Conventional regularized nonlinear inversion methods for estimating electrical conductivity from observed electromagnetic data seek to find a single model that fits the data while minimizing a user-imposed model regularization norm. By contrast, Bayesian sampling techniques produce a large suite of models, all of which fit the data adequately, providing a wealth of statistical information about the model parameters. Importantly, this includes quantitative uncertainty estimates as well as any statistical property of interest. In this work, we apply a Bayesian trans-dimensional Markov chain Monte Carlo scheme to recover subsurface conductivity from airborne transient electromagnetic (TEM) data collected over Taylor Glacier, Antarctica, to image subglacial hydrologic structure. We provide a synthetic model study, followed by inversions of real soundings. Our results identify a zone of conductive, wet sediments beneath the glacier, corroborating interpretations from previous studies that used regularized, smooth inversions. Our results provide, however, the opportunity to examine a rich suite of additional information, including uncertainty estimates on the conductivity within the conductive subglacial layer as well as quantitative estimates of its total conductance. We apply principles of Bayesian information theory for estimating the depth of investigation of the airborne TEM data and apply it to this data set. Additionally, we use themodel ensemble to derive estimates of pore fluid resistivity within the conductive layer, with associated uncertainties. Finally, we use Bayesian model studies to explore the range of ice thicknesses and conductive layer thicknesses that could be resolved with ground or airborne TEM data if they had one to two orders of magnitude lower noise levels.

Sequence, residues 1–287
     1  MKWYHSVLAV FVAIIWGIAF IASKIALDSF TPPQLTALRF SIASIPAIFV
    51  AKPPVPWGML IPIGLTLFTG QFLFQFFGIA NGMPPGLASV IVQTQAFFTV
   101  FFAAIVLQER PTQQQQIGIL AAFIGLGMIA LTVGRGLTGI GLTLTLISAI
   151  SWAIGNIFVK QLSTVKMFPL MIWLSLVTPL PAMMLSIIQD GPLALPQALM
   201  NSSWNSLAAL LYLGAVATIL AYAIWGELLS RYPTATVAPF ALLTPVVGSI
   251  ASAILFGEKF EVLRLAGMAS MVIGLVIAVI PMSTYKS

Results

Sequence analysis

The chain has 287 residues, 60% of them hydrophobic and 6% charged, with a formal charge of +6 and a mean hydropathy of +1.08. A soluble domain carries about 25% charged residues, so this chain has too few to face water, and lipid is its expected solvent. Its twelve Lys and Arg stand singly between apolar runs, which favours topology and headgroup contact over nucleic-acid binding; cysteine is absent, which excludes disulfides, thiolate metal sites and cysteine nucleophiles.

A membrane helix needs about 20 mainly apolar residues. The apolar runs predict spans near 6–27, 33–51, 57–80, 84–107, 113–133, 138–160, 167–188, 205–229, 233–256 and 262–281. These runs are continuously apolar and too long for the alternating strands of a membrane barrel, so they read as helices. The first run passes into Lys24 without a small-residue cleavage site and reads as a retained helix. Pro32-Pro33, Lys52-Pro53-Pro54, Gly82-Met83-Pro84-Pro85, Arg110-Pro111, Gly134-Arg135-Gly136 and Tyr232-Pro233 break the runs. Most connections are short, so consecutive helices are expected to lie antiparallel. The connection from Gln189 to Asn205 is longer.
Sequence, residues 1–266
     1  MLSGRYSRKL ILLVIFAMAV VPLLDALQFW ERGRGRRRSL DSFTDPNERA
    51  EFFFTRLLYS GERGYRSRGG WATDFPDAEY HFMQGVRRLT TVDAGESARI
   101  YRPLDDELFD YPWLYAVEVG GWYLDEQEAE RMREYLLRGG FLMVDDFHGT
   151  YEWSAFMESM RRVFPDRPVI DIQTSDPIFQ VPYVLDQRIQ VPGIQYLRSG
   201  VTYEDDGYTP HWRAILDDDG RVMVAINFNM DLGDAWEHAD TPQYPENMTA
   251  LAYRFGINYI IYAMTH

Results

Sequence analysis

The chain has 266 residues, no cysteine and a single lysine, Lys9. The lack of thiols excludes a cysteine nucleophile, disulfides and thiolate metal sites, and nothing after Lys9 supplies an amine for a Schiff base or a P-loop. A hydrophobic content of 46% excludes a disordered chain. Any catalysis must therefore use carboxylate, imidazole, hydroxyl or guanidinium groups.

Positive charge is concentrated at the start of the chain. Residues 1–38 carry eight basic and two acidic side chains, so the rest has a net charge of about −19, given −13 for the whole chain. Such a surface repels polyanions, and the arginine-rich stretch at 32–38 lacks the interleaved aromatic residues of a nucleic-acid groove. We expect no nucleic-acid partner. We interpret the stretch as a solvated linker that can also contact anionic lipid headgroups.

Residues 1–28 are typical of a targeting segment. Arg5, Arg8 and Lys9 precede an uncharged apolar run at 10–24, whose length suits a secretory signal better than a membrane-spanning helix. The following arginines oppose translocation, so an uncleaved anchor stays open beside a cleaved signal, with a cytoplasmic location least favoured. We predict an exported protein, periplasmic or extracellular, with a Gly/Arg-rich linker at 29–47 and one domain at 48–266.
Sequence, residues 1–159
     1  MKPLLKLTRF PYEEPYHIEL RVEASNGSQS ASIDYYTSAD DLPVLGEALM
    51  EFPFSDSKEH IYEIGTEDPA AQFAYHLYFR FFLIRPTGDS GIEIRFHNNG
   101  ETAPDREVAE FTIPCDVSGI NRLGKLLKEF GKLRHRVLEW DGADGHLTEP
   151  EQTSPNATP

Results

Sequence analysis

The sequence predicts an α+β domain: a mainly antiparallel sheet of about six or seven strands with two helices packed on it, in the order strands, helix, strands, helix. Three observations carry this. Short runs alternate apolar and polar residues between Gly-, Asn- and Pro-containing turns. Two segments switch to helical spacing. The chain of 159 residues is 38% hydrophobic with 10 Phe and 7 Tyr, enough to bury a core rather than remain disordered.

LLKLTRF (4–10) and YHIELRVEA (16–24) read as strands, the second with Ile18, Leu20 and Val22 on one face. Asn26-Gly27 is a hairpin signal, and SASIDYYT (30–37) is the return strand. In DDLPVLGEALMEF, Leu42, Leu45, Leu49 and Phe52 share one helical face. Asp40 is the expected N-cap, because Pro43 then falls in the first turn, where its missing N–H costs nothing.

- Programområde 2: Vandressourcer